For workers, we were able to get, of course, extended and expanded – extended from what the Republicans wanted and expanded Unemployment Insurance. That is so very, very important. Of course in terms of funds that go to major corporations or companies or anyone, the direct condition is that, for example, at the airlines, that the money – the money that is given to the airlines is given to the workers directly. Just a pass‑through, it goes directly to the workers, and have some conditions on – for other money that goes to any of these companies that they have no buybacks, no dividends, no bonuses. All of those kind of concerns are so offensive, that happened before with federal funds infused into their entities. So we’re very happy about all of that.

One of the differences, as I said, they’re corporate down, we’re bubble-up from workers. I think was demonstrated last night. Can you believe that almost – I think it was every Republican – I think it was 49 Republicans last night voted, in the Senate, to deprive those on unemployment insurance of the additional $600 a week. How could it be that in this time of stress and strain and uncertainty about health and life and livelihood that they would vote that way? But I think it does demonstrate the point that I made, that [they are] not about workers first.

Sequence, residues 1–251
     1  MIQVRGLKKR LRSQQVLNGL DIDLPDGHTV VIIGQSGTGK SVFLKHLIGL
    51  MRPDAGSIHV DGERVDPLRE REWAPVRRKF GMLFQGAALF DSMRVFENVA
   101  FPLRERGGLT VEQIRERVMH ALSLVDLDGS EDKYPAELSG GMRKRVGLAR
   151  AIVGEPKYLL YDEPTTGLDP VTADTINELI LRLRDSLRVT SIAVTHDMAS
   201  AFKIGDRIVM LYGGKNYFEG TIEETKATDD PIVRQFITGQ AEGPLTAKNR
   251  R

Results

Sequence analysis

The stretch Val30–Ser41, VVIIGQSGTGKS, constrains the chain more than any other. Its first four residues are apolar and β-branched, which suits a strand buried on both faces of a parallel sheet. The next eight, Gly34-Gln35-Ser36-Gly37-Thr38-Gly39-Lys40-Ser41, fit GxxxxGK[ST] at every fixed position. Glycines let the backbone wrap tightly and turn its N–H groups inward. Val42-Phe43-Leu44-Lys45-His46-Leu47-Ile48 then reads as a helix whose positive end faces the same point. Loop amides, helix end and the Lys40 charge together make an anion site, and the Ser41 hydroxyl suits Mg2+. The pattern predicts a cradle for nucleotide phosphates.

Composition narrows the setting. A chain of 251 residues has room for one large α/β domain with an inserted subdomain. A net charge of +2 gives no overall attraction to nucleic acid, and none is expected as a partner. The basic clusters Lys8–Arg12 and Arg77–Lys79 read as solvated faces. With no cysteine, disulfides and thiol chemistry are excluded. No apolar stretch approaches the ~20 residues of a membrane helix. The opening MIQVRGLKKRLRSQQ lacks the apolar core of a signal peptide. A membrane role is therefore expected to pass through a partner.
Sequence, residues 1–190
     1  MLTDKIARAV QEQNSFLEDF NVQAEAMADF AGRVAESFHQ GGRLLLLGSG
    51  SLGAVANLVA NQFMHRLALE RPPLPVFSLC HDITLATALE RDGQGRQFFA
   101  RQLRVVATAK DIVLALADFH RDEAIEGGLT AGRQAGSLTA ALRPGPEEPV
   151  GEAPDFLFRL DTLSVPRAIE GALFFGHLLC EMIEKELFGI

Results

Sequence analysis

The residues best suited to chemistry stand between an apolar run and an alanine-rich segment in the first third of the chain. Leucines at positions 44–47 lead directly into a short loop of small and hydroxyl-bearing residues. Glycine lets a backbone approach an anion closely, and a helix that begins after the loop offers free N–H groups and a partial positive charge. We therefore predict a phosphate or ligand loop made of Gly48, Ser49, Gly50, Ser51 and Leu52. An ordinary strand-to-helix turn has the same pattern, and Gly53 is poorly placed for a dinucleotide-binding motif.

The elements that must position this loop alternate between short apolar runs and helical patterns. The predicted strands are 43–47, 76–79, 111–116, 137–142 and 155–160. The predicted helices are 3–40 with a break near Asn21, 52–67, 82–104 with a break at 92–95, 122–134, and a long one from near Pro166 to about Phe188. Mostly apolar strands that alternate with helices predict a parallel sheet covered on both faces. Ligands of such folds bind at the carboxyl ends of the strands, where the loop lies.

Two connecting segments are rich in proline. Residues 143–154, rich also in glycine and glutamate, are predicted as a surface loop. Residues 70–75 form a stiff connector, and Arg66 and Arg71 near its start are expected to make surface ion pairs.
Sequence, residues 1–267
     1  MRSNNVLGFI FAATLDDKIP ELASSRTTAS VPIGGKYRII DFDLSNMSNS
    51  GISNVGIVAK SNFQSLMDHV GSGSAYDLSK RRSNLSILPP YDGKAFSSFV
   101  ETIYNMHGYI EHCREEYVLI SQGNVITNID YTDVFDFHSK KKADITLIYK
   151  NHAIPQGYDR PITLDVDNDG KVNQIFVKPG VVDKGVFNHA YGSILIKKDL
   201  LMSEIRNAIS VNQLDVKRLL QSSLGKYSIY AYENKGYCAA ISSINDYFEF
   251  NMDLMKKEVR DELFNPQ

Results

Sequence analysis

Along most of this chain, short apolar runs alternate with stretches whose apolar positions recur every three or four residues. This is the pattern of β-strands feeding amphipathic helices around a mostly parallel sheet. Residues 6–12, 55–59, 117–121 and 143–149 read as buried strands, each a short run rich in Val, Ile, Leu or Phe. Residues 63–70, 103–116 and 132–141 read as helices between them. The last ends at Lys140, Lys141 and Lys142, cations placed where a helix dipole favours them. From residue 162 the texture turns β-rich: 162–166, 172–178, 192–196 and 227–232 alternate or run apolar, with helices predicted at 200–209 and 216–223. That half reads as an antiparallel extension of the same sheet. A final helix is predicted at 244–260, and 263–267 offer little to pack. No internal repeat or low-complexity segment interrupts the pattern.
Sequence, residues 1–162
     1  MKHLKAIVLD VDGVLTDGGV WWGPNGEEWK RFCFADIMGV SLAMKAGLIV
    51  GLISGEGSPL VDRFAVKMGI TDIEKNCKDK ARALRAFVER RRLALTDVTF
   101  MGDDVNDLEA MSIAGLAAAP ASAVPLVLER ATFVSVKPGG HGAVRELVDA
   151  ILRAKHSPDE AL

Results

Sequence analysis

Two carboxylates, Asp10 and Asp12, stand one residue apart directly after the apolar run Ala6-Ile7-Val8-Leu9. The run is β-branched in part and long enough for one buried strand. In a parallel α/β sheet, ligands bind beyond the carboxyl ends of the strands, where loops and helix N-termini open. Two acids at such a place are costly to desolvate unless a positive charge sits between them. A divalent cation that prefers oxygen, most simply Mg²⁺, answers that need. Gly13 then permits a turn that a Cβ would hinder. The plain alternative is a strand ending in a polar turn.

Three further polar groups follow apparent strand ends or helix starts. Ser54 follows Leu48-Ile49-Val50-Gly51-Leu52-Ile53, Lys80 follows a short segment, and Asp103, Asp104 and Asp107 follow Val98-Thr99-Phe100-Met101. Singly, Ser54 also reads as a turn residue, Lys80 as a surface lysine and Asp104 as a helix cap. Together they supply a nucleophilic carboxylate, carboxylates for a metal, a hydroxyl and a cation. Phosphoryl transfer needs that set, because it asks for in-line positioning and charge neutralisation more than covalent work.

But the bill got to be there. And I thank the Senate Democrats for using the leverage they have with the 60 votes. I take pride in what we had in our House bill that is in the Senate bill now. So for workers and for families, with all three of our bills, we have put families and workers first.

Again, I hope that the UI will – right now we want people to take advantage of all of this quickly. The UI will depend on how the states do it, and they’re not all uniform, but we want people to know exactly how they can benefit from that. And we’re putting that all together so all of our Members, on both sides of the aisle, can know how they can facilitate enabling their constituents to take advantage of the opportunities there.